Tuesday, April 2, 2019

A Gaming Eulogy for Google Plus

Google Plus is gone. Like a friend who parts ways following a different path of life than our own, it has wandered off into the ephemeral oblivion that consumes much of the content on the ever-changing interwebzes. I feel grateful to have involved myself with it since 2011, when a gaming friend sent me an invitation to the beta version. The experience expanded my horizons on various fronts, mostly game related. Google Plus exposed me to new people, material, and ideas that sometimes challenged my comfort zone but always expanded my experiences as a gamer.

Google Plus broadly extended my “radar” on the interwebzes, funneling to me interesting information about new creators, games, trends, and other aspects of the adventure gaming hobby beyond what I saw in the numerous websites I frequented. Using this passive intelligence gathering I greatly expanded the scope of my gaming experience. I discovered a host of creators making maps, scenarios, fanzines, and games of varying quality, all of which showcased a vast diversity of ideas and styles. I stumbled upon the OSR movement – whatever that means to other people or groups – but to me it meant a new appreciation for and celebration of “old school Dungeons & Dragons” (and for me that primarily focuses on B/X D&D, though much of the OSR can port from one’s favorite class-and-level system to the next). It introduced me to Lulu’s print-on-demand service; with its frequent discount coupons and occasional free shipping I continued to explore OSR products in print (a far more digestible format for me than reading/referencing PDFs on a screen) as well as other gaming publications that piqued my curiosity. I heard about and supported exciting new Kickstarter projects, Patreon pages, and blogs that engaged my various interests. The gamer communities it gathered merged to form a rich slice of those involved in the hobby.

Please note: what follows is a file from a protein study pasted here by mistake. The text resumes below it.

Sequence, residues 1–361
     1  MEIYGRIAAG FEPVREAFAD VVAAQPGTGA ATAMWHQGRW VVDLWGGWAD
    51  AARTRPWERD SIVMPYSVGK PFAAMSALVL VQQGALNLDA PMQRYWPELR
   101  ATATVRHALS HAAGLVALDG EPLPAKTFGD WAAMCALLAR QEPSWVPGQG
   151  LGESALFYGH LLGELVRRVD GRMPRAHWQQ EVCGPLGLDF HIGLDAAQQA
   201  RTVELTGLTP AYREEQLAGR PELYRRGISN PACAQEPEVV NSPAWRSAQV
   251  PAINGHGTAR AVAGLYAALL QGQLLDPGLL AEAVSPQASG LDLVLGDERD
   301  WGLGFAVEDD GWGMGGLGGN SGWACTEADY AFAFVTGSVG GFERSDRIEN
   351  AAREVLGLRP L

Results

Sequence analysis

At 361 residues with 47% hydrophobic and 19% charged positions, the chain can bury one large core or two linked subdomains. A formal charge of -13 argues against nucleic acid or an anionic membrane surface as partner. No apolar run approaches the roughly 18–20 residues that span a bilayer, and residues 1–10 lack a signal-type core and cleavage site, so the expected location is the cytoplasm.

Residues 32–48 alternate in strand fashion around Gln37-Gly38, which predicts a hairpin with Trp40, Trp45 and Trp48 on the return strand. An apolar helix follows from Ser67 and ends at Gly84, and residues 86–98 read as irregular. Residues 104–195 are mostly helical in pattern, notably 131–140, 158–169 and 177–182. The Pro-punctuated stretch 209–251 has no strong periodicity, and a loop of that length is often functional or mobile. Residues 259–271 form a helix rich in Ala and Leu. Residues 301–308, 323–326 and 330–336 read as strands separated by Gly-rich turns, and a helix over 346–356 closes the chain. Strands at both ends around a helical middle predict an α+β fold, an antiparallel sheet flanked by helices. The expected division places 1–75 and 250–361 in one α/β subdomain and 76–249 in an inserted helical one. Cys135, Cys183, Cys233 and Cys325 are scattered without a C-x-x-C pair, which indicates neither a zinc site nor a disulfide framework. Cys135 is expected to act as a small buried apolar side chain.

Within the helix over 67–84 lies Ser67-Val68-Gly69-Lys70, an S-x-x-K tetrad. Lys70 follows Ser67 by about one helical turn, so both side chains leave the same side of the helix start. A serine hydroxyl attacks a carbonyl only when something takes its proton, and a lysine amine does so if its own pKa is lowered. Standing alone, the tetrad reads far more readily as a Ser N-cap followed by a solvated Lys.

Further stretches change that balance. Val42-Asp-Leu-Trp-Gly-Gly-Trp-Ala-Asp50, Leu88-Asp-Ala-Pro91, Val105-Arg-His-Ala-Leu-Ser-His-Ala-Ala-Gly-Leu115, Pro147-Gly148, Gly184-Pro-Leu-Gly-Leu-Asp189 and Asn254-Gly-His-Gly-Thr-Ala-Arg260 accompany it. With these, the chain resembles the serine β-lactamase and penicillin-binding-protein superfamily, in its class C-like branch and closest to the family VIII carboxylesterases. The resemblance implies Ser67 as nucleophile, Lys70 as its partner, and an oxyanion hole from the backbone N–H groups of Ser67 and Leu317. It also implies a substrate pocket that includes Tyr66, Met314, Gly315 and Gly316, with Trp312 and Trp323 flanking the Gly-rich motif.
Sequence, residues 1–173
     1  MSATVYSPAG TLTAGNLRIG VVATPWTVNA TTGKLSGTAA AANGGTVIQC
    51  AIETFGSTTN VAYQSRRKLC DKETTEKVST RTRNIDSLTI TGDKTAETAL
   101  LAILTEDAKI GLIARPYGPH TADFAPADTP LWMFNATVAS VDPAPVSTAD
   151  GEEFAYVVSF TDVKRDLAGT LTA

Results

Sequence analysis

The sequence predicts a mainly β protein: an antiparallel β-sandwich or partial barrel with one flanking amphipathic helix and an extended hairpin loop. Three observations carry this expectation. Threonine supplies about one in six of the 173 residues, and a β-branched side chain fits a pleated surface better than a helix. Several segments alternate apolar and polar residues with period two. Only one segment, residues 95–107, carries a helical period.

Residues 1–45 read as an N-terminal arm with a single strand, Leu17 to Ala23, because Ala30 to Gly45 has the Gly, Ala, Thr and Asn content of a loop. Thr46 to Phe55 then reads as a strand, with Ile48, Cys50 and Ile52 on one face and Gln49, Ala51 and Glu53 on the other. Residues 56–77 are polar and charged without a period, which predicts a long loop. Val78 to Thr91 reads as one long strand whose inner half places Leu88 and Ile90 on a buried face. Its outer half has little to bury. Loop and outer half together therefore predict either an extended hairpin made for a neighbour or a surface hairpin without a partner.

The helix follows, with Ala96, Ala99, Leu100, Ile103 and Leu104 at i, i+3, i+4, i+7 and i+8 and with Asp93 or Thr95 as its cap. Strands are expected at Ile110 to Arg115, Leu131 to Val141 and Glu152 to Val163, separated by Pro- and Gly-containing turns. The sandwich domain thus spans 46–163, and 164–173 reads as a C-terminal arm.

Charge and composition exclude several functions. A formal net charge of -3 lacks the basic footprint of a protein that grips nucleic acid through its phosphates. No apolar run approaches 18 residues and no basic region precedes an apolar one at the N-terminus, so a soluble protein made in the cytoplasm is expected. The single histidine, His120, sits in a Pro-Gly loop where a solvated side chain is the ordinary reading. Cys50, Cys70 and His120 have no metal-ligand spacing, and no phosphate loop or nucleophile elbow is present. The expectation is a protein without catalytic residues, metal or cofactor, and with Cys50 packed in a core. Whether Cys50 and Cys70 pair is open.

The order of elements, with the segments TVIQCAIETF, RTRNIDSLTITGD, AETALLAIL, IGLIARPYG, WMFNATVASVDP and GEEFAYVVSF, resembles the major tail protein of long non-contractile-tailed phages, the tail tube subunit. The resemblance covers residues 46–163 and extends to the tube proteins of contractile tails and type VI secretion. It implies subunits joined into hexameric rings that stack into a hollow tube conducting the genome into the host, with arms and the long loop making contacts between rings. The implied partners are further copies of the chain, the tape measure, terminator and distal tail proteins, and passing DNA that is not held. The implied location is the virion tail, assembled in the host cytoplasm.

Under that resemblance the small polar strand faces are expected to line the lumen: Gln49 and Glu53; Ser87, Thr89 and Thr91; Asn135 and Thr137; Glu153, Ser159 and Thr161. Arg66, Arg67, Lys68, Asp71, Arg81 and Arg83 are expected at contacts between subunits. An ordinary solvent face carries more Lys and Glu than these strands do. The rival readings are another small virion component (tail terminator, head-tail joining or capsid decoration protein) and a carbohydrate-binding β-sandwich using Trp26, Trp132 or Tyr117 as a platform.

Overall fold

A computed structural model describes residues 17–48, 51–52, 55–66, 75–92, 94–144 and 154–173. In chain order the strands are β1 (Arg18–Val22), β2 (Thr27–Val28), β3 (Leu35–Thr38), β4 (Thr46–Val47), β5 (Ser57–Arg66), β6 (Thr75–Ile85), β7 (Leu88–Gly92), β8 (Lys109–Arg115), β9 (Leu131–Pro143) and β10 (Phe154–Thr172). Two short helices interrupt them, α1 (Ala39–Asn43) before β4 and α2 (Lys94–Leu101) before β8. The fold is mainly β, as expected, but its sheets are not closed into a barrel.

Google Plus wasn’t just another venue for passively gathering information on what was going on in the adventure gaming scene; it offered opportunities for active engagement with the greater gamer community. It served as a platform for comment and discussion about Hobby Games Recce articles I promoted there (now sadly relegated to the blog itself with its much-reduced traffic). I re-connected with old gamer friends and made a few new ones along the way; we shared discussions across numerous subjects, from catching up and my time at West End Games to cooking and game design. I encountered a number of game creators to whom – in their youth years ago – I had sent long rejection letters enumerating aspects of their writing they could improve back in my time as editor of West End Games’ Star Wars Adventure Journal. I discovered gaming on Google Hangouts, running a D6 System Heroes of Rura-Tonga scenario once for an online “virtual” game convention and trying out some FATE gaming. I connected with a crowd of friends and acquaintances who offered support and encouragement, whether through engaging comments, post-sharing to their larger circles, or even just a “+1” for my efforts.

The horror. The horror.
The platform gave me a venue where I felt comfortable sharing interesting tidbits from my life among like-minded friends. Of course I used it to mention conventions I was attending and games I was running, as well as progress on my own projects and publication releases. I managed a few random give-aways of custom dice or printed product. But it also gave me a place to share other aspects of my geeky gamer life: news of my wife’s work with film at the Library of Congress, photos of my son sharing in our geeky pursuits, interesting historical tidbits about the region where I live, news of neat gaming stuff I found, experiences from my time at West End Games, my infamously curmudgeony “Stupid Newspaper Tricks” (such as “Jim Webb declares 2106 presidential bid”), pics of my occasional forays into baking.